Polyconf Experience Report
This year’s PolyConf is over and although it was my first time at this conference and I didn’t know too many people going in I had such a great time and learnt so much I’ll definitely be back in the near future.
Recording of the talks are slowly appearing on their YouTube channel, so keep an eye out the talks mentioned below.
The conference is hosted at the Adam Mickiewicz University in the heart of Poznan and the facility is very modern.
The weather was great and fortunately the auditorium was very well air conditioned and ventilated given the temperature (around 30 degrees Celsius for the entire duration of the conference)!
Coffee was served throughout, and although lunch wasn’t to my taste (maybe it’s my Asian palette) there were always fresh fruits and snacks around to keep you going.
Oh, and there was a conference party every night with plenty of local craft beer on offer
The format of the conference was very refreshing in that it has a single track and each of the talks is only 30 mins long. Having a single tracks means you no longer have to stress over deciding which talk to attend.
The workshops were followed by two and half days of 30-min talks with 10 mins of break in between. This format caused some logistic problems. Many speakers had to adapt their talks to fit into the shorter-than-usual slot and ended up taking the full 30 mins so Q&A had to take place during the allocated break time which pushed the subsequent talks back or cut the breaks short and caused attendees to come back late for the next session and so on.
True to its goal of being a conference dedicated to polyglot programming there were a lot of different languages on show. Whilst EmojiLisp might just be the funkiest language of the lot, my picks from the conference have to be:
- program synthesis with miniKanren
- Racket’s language extensibility
- Crystal’s performance
- generated functions in Julia
The highlight of the first day for me was definitely miniKanren.
I attended William Byrd’s miniKanren workshop and went through the process of designing and building a relational interpreter that supports a subset of Scheme in miniKanren.
What does ‘relational’ mean here?
It means taking code such as:
let f x y = x + y
and instead of seeing it as a function that takes input (x and y) and returns an output, you treat it as a relation between the values x, y and output.
Given this relation, you can deduce the value of a missing part if you know the values of the rest.
E.g. given x = 3, and output = 5, y must be 2
If more than one part of this relation is missing, then you can still deduce the value of the rest in terms of relations to each other.
E.g. given x = 3, then output = 3 + whatever value y takes
Now, if you have an interpreter that can evaluate your application code as a relation to its output when executed, what might you be able to do then?
Perhaps, you’d be able to synthesize the application code given some desired output value. For instance, you might be able to generate 99 programs that will output “I love you”.
Besides miniKanren there were also a couple of other good talks on day 1, I particularly liked Wojciech Ogrodowczyk’s Beyond Ruby talk where he used the Piraha people as example to demonstrate why it’s so important to be polyglot. It’s one of the angles I used in my Tour of Language Landscape talk at NDC Oslo too.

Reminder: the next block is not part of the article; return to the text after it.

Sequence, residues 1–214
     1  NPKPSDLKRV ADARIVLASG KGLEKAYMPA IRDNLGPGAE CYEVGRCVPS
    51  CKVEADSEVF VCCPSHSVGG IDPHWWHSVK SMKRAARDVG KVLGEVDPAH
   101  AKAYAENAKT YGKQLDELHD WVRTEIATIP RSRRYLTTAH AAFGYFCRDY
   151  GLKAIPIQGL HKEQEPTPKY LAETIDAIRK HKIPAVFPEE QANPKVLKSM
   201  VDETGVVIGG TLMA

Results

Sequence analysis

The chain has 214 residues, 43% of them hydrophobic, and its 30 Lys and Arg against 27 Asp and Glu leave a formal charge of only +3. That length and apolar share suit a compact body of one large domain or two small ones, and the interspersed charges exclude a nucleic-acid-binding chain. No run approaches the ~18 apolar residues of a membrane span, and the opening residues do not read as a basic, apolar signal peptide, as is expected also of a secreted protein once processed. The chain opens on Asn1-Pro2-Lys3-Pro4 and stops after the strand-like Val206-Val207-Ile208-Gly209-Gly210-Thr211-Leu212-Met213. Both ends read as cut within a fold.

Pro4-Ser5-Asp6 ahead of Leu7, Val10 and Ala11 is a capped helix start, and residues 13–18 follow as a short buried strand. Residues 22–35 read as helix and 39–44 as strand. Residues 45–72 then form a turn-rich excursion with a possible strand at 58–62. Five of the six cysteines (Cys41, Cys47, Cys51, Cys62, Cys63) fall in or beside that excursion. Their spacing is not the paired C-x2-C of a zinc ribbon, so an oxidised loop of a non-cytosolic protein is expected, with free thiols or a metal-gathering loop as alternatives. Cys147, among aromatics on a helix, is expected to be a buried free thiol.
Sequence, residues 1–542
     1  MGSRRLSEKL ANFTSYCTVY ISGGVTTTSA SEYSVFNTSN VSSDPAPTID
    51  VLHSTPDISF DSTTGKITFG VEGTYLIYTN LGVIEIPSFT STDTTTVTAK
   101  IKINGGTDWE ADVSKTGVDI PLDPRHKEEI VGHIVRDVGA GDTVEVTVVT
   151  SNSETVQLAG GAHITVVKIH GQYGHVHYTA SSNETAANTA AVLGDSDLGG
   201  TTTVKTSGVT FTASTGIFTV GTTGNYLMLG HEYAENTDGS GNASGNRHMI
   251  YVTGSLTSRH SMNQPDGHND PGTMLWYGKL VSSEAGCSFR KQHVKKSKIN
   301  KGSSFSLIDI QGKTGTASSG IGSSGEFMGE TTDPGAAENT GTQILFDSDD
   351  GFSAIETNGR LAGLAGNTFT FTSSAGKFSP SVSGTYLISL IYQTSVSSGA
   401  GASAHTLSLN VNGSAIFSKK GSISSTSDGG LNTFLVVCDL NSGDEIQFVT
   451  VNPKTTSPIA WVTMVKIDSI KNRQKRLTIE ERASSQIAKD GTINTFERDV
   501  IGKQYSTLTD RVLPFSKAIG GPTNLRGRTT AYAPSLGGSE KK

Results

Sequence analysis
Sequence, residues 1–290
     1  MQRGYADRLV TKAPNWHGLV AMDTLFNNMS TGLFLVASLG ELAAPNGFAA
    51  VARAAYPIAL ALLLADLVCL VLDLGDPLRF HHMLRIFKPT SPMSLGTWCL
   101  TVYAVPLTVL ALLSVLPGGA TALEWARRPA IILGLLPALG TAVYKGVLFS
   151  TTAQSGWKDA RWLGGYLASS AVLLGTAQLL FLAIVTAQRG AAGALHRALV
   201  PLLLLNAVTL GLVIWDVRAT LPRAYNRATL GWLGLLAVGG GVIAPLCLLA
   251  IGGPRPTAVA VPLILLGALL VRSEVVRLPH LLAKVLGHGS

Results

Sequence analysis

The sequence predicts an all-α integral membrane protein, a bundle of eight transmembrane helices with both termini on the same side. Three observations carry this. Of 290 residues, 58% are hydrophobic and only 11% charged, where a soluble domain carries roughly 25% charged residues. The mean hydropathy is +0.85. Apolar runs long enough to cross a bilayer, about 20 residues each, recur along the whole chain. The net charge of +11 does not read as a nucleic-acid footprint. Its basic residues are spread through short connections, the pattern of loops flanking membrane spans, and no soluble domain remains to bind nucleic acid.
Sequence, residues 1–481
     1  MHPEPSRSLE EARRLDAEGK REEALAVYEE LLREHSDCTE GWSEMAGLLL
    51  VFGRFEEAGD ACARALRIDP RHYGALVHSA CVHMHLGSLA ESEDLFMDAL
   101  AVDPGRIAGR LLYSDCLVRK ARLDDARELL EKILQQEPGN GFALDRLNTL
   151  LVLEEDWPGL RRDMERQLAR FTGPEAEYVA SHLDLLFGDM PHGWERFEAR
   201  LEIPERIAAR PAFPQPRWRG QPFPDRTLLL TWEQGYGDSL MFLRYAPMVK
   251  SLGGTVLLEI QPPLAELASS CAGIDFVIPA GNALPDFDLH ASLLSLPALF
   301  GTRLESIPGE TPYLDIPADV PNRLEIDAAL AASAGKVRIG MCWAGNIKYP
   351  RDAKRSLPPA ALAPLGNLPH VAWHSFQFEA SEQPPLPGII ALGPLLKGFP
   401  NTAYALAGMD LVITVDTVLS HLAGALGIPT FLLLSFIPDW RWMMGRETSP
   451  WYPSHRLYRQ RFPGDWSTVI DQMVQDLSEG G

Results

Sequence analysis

p.s. you can find all the code for William’s workshop and talk on miniKanren here.
Based on the numbers Erik showed and a couple of his benchmark tests (one of which was a simple Hello World web server), Crystal can be very performant whilst retaining much of Ruby’s syntax.
In fact, the syntax of Ruby and Crystal are so similar (which is by design) you can even compile and run Ruby code (e.g. by running crystal xyz.rb) using the Crystal compiler and get a free speedup! Of course, this only works if the Ruby code also happens to be valid Crystal code.
Crystal also has some modern language features such as type inference and macros too.
Whilst I had been vaguely aware of Racket as ‘another LISP’ I had no idea just how much extensibility you have at your fingertips via the #lang notation. Sam Tobin-Hochstadt’s talk did a great job in illustrating this using a number of examples:
You can introduce a gradual type system by extending the language using a library and the #lang notation. To give you an idea, here’s a screenshot from the official getting started guide:
Similarly, you can also turn Racket into a lazily evaluated language (like Haskell) using #lang lazy.
I saw a lot of impressive things at PolyConf but the ability to ‘hack’ the language in this way might have just topped the lot.
Just for fun (since EmojiLisp was introduced in an earlier lightening talk), Sam also showed how you can basically implement EmojiLisp in Racket with a few lines of code.
(on a side note, whilst not nearly as powerful as Racket in this regard, you can also do some really cool things with Elixir’s macro system. If you’re interested in Elixir, then you would want to watch this talk by Chris Mccord at NDC Oslo too)
Finally, here are some of the best tweet during the conference:
So that’s it folks, another conference down and another bunch of things added to my ever-growing todo list!
Next, I’ll be speaking at the Cambridge F# User Group on the 20th July to talk about how Gamesys is using F# to build backends for games played by millions of players every month. Feel free to join us if you are in the area.
You’ll next find me at a conference on September 12th, at the first ever Kats Conf in Dublin, organized by Andrea Magnorsky. Edwin Brady will be there to talk about dependent typing and Idris, and I’m expecting to see an exciting lineup of speakers being announced soon!